The Nike+ FuelBand SE is a minor upgrade to last year's FuelBand, adding Bluetooth 4.0 and a few new motivational wrinkles to its software, but the band's design is more successful than its package of features.
Armed with a few tricks, the Nike FuelBand can be very effective as a motivator for casual exercise, but its limitations will leave serious athletes disappointed.
Archos has got ahead of the competition, and announced its fitness tracker before CES has even started.
The Nike+ Running App on Android and iOS will soon support watches and fitness equipment from Garmin, TomTom, Wahoo Fitness and Netpulse.
Nike's next wrist-occupier will measure your heart rate and have a speedier display, rumours say.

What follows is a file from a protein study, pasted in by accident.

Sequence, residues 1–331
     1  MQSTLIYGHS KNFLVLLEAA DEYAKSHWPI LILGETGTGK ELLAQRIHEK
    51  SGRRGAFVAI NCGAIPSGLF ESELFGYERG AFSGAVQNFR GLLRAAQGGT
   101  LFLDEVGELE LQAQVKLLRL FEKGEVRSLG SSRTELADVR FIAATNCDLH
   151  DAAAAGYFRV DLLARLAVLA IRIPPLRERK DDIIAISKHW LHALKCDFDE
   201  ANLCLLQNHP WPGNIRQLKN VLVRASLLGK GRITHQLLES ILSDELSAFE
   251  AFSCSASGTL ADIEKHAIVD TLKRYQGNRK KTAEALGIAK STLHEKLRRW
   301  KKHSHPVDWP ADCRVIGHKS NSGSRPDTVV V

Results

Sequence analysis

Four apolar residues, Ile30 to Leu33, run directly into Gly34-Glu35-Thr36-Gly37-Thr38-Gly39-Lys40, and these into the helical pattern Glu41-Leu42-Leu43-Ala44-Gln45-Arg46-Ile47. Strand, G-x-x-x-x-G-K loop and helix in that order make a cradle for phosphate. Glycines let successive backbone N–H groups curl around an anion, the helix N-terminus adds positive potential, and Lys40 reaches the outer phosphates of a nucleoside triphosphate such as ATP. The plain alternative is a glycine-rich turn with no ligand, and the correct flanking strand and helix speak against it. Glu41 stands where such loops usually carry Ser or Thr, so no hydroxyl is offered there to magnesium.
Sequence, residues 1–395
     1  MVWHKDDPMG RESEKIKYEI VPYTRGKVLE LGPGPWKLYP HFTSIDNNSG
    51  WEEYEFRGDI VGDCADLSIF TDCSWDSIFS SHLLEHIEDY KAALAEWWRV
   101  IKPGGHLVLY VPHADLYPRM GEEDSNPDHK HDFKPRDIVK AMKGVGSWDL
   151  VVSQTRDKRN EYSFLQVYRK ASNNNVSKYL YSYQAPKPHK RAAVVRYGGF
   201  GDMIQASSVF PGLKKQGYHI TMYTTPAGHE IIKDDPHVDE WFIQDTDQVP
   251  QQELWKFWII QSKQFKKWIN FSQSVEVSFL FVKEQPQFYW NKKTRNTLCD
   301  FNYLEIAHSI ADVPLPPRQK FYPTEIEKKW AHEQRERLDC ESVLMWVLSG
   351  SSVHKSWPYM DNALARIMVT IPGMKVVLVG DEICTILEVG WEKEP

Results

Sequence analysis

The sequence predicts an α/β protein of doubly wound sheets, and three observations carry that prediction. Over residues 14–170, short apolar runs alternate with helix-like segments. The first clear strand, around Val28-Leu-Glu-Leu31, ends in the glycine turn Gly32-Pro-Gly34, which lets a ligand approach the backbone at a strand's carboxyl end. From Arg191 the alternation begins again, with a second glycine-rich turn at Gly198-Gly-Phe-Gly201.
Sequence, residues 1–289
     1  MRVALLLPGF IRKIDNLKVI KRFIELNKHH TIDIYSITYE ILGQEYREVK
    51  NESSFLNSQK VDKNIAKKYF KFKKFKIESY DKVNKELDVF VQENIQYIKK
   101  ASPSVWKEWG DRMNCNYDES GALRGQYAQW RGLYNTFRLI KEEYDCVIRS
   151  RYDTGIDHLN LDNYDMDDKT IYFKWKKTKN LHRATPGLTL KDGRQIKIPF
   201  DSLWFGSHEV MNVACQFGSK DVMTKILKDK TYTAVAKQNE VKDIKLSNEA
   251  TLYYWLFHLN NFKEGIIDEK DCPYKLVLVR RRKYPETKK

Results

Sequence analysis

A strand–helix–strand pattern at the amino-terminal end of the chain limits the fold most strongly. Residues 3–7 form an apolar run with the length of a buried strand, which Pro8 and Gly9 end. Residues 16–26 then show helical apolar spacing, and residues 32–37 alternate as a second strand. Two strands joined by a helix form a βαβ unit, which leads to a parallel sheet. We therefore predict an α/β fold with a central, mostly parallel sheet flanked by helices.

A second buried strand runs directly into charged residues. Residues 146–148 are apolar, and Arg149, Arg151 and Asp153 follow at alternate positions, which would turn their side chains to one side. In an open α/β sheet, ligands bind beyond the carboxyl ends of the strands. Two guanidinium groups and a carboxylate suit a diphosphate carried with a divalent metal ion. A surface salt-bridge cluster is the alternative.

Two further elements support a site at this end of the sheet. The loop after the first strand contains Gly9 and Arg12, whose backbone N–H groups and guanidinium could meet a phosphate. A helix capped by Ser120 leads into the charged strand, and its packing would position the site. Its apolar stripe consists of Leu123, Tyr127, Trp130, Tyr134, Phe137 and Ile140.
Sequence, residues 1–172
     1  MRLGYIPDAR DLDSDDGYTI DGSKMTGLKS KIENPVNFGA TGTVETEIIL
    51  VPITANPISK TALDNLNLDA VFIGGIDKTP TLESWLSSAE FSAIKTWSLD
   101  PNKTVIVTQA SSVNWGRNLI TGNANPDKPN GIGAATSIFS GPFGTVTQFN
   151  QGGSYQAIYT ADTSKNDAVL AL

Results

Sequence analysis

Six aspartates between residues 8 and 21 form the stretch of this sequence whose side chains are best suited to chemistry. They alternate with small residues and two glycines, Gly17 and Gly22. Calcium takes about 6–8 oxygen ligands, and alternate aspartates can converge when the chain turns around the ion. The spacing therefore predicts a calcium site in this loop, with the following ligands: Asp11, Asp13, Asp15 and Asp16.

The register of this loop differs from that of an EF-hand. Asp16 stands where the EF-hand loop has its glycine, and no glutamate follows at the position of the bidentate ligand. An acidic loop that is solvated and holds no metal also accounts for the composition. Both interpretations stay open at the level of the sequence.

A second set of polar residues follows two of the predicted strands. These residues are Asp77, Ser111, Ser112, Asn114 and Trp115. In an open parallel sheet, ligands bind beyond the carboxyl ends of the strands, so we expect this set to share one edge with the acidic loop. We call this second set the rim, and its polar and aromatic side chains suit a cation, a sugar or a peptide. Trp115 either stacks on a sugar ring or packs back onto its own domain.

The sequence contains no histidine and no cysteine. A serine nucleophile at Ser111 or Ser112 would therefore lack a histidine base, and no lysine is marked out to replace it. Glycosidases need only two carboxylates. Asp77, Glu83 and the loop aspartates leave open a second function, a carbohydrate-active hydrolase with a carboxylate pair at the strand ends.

[commentary] The sportswear giant had a good run with the FuelBand. Now, though, wearable technology is a whole new footrace.
Nike announces Android support for its FuelBand fitness tracker just months before the expected launch of Apple and Google-made wearables. Too little too late?
Tech companies are lining up to nab Nike engineers after the sportswear maker decided to dismantle its wearable-hardware team. Apple is reportedly on the hunt as well.
Nike CEO Mike Parker says the sportswear company is winding down its wearable hardware efforts to focus on software after CNET reported last week it had dismantled its FuelBand team. A deal with Apple may be in the works.
The sportswear giant was hailed as an innovative force in wearable tech. But with the scaling back of its hardware team, Nike reminds us that it’s all about the best ways to sell shoes.